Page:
The tree is built by looking at each sequence in the full alignment for the family. We take the name of the species given by UniProt and try to map that to the full taxonomic tree from NCBI. In some cases, the name chosen by UniProt does not map to any node in the NCBI tree, perhaps because the chosen name is listed as a synonym or a misspelling in the NCBI taxonomy.
So that these nodes are not simply omitted from the sunburst tree, we group them together in a separate branch (or segment of the sunburst tree). Since we cannot determine the lineage for these unmapped species, we show all levels between the superkingdom and the species as "uncategorised".
Since we reduce the species tree to only the eight main taxonomic levels, sequences that are mapped to the sub-species level in the tree would not normally be shown. Rather than leave out these species, we map them instead to their parent species. So, for example, for sequences belonging to one of the Vibrio cholerae sub-species in the NCBI taxonomy, we show them instead as belonging to the species Vibrio cholerae.
Too many species/sequences
For large species trees, you may see blank regions in the outer layers of the sunburst. These occur when there are large numbers of arcs to be drawn in a small space. If an arc is less than approximately one pixel wide, it will not be drawn and the space will be left blank. You may still be able to get some information about the species in that region by moving your mouse across the area, but since each arc will be very small, it will be difficult to accurately locate a particular species.
The tree shows the occurrence of this domain across different species. More...
We show the species tree in one of two ways. For smaller trees we try to show an interactive representation, which allows you to select specific nodes in the tree and view them as an alignment or as a set of Pfam domain graphics.
Unfortunately we have found that there are problems viewing the interactive tree when the it becomes larger than a certain limit. Furthermore, we have found that Internet Explorer can become unresponsive when viewing some trees, regardless of their size. We therefore show a text representation of the species tree when the size is above a certain limit or if you are using Internet Explorer to view the site.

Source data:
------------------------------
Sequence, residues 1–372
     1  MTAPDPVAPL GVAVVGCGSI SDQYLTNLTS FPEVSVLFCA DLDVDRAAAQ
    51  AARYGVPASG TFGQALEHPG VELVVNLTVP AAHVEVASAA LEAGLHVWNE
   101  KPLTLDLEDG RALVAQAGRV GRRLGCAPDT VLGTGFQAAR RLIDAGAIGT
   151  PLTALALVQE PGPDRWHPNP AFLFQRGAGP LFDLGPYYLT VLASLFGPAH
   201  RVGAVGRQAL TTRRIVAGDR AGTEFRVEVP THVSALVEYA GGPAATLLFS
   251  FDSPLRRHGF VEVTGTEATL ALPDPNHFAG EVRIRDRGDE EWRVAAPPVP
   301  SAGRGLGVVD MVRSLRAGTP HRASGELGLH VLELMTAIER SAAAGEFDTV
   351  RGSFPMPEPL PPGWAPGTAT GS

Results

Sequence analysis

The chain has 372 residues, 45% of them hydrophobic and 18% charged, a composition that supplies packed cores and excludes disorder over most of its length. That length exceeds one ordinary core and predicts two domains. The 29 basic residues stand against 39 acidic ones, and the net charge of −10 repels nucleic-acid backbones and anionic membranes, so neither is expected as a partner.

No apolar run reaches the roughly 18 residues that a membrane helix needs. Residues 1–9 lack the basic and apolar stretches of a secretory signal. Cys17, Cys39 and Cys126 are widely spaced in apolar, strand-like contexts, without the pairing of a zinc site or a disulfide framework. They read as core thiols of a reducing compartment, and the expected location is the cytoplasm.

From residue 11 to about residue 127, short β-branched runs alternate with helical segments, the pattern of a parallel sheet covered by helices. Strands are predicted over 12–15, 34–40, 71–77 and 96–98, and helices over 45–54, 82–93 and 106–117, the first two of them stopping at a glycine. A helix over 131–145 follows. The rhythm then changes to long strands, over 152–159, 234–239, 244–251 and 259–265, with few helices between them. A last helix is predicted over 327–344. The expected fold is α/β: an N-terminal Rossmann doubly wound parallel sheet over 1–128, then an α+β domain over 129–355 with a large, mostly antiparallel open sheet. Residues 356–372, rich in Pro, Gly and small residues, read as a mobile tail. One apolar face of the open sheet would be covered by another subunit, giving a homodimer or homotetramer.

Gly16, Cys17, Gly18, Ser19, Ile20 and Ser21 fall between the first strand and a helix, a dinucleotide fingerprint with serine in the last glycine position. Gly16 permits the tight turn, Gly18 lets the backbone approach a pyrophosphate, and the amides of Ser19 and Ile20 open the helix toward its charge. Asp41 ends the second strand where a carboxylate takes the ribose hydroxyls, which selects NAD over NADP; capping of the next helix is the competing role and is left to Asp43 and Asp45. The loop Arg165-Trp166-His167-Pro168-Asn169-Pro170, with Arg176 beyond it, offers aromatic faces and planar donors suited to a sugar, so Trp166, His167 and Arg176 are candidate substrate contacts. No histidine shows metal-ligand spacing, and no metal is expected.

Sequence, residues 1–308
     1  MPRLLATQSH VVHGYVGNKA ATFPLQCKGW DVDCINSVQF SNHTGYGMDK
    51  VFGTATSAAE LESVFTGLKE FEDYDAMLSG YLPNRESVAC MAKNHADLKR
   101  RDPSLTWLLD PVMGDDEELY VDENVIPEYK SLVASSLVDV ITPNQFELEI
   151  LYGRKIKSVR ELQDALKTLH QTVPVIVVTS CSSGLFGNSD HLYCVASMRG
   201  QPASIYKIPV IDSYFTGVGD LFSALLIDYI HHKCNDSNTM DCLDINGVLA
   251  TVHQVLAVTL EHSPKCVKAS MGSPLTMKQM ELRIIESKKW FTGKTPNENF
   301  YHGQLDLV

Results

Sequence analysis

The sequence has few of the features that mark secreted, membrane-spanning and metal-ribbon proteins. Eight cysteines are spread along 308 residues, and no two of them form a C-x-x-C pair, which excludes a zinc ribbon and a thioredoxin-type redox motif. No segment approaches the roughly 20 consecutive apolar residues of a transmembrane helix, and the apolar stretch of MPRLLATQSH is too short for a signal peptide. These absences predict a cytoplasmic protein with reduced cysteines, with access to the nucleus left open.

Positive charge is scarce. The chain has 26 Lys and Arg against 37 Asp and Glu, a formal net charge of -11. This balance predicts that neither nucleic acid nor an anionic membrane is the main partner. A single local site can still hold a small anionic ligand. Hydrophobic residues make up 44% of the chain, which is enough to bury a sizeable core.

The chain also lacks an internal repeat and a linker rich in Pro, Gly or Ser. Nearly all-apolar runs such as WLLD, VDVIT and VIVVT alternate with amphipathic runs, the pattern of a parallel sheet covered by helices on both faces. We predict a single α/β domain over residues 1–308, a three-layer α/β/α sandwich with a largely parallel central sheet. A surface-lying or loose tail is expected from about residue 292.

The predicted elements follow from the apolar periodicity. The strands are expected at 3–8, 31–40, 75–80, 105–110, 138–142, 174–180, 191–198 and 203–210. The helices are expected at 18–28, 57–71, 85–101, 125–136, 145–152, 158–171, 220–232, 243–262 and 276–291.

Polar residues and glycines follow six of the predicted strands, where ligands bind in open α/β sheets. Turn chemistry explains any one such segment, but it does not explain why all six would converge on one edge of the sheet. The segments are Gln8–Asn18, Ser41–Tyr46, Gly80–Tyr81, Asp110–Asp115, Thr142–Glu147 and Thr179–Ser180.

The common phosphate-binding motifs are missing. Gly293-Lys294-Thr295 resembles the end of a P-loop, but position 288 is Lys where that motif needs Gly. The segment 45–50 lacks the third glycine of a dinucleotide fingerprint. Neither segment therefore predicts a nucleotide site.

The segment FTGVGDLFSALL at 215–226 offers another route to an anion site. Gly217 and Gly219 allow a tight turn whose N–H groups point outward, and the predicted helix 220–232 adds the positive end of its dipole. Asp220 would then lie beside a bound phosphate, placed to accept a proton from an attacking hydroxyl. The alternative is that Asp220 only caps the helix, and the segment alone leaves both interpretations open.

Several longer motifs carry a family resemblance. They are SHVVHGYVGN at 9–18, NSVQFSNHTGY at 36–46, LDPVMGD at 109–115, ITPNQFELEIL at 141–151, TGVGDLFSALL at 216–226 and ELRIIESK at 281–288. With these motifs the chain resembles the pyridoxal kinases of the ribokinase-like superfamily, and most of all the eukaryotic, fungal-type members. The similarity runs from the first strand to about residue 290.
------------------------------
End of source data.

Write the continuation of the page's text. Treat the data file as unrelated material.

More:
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For all of the domain matches in a full alignment, we count the number that are found on all sequences in the alignment. This total is shown in the purple box.
We also count the number of unique sequences on which each domain is found, which is shown in green. Note that a domain may appear multiple times on the same sequence, leading to the difference between these two numbers.
Finally, we group sequences from the same organism according to the NCBI code that is assigned by UniProt, allowing us to count the number of distinct sequences on which the domain is found. This value is shown in the pink boxes.
We use the NCBI species tree to group organisms according to their taxonomy and this forms the structure of the displayed tree. Note that in some cases the trees are too large (have too many nodes) to allow us to build an interactive tree, but in most cases you can still view the tree in a plain text, non-interactive representation. Those species which are represented in the seed alignment for this domain are highlighted.
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There are 2 interactions for this family. More...
We determine these interactions using iPfam, which considers the interactions between residues in three-dimensional protein structures and maps those interactions back to Pfam families. You can find more information about the iPfam algorithm in the journal article that accompanies the website.
For those sequences which have a structure in the Protein DataBank, we use the mapping between UniProt, PDB and Pfam coordinate systems from the PDBe group, to allow us to map Pfam domains onto UniProt sequences and three-dimensional protein structures. The table below shows the structures on which the STAT_alpha domain has been found. There are 21 instances of this domain found in the PDB. Note that there may be multiple copies of the domain in a single PDB structure, since many structures contain multiple copies of the same protein sequence.